End of Contract

The end of an employee’s contract can be a difficult time, so it needs to be handled with care.

The aim is to manage contract terminations well, so the outcomes are as positive as they can be. You still need to be professional and follow the correct process for ending a contract.

It’s also important to follow the correct legal process, avoiding wrongful terminations and unfair dismissal claims.

This guide will explain how to end a contract, the reasons for it, and how to abide by the law in the process.

How to Terminate a Contract

Both you and your employee can decide to end their contract. The termination of a contract can be done by an employee resigning or if you dismiss an employee.


From time to time, employees will leave your business. They may choose to quit their job for several reasons.

Ensure you follow the correct resignation process. This can help you avoid unfair dismissal claims or disputes in tribunal hearings.


A big concern for employers making a dismissal is whether it will be considered unlawful.

You need to consider many types of dismissal at the end of a contract. Some of them are unlawful, so ensure you adhere to the correct process for each one.

Fair dismissal

A fair dismissal means you have acted reasonably, and have given one of the following reasons under The Employment Right Act 1996:

  • Conduct: for inappropriate behaviour.
  • Capability: when an employee isn’t able to do their job or has the wrong qualifications.
  • Redundancy: when their job is no longer needed.
  • Legality reason: when they cannot legally do their job.
  • A substantial reason: could be for a fixed-term contract ending.

Unfair dismissal

An unfair dismissal is when an employee’s contract is ended without a valid legal reason, such as:

  • The reason may have been unfair.
  • The reason given for dismissal wasn’t true.
  • An employer acted unreasonably.
  • The proper procedure wasn’t followed by the employer.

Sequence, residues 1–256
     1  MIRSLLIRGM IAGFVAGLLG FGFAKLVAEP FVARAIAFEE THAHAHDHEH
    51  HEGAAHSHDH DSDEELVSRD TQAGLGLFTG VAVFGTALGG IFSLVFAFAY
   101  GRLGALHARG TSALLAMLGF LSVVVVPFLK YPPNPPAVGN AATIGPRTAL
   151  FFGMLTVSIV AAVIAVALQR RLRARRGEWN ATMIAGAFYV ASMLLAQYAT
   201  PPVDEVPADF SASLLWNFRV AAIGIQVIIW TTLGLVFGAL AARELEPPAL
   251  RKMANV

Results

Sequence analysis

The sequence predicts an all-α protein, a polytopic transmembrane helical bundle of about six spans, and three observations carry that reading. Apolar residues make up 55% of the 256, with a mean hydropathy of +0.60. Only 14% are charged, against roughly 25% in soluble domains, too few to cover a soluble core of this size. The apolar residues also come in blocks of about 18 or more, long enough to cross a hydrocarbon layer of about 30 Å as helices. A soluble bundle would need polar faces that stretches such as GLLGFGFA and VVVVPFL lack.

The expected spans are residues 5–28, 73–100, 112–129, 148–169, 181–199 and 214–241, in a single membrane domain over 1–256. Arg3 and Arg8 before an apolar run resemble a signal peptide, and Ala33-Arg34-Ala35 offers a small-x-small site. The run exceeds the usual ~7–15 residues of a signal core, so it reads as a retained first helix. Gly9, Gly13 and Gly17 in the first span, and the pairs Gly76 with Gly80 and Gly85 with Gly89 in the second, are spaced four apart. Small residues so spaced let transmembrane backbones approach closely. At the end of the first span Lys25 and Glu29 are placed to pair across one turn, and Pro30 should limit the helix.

Wrongful dismissal

Wrongful dismissals occur when an employer breaches the contract when terminating it. This is often confused with unfair dismissal.

Compensation claims are for the payments and benefits due for the remaining contract period.

Constructive dismissal

When an employee resigns as a result of their employer’s actions, this leads to a breach of contract.

The most common reason is a breach of implied terms. In this case, mutual trust and confidence have been lost between employer and employee.


When your business or workplace is closing or changes mean fewer workers are needed, you can make redundancies.

Redundancies can have various impacts on your business and the employees involved.

So, you should have a formal procedure in place for redundancies, and provide employees with their legal rights and entitlements.

Your formal procedure should include stages of the following:

  • Planning and selection.
  • Seeking volunteers if needed.
  • Consultation with employees.
  • Dismissals.
  • Appeals.

How to support redundant employees

Redundancy can be stressful for employees. But for those who are staying, announcing redundancies can also impact morale and productivity.

So, a good redundancy procedure should include support for those made redundant. This can include help to find an alternative job and counselling.

End of Contract Notice

If an employee is leaving or has been dismissed, it’s important to know what their notice period is. This will allow you to plan and give your business more control over the situation.

If an employee gives notice, you must accept their resignation. You also must agree in writing their last working day.

Even if there’s no written contract, employees must be given reasonable notice when their employment ends.

Can a Contract Be Broken?

Yes, contracts can be broken. It can be breached by both employee and employer for many reasons.

It can occur if one party does any of the following:

  • Refuses to do their part.
  • Does something breach the code of conduct.
  • Prevents you from doing what you’re supposed to.

Fixed-term Contracts

Fixed-term contracts are a good way to hire workers for a limited time.

They are generally used for covering employees when they take certain types of leave, such as parental leave, sick leave, and seasonal employment.

These types of contracts will come to end, usually when the agreement and date have been reached.

Fixed-term contracts can be useful for employers, as they eliminate the need to dismiss an employee or the option for resignation.

Manage the End of Contracts with BrightHR

When it comes to the end of a contract, you need to ensure you’re being fair and following the law.

If you neglect your employees’ rights, you could be discriminating against them. This could lead to costly compensation payments and legal tribunal hearings.

BrightHR can provide you with expert advice on ending contracts. If you need any help on how to manage your employee’s contracts, don’t hesitate to get in touch with one of our experts.

Book in a free demo or give us a call on 0800 783 2806

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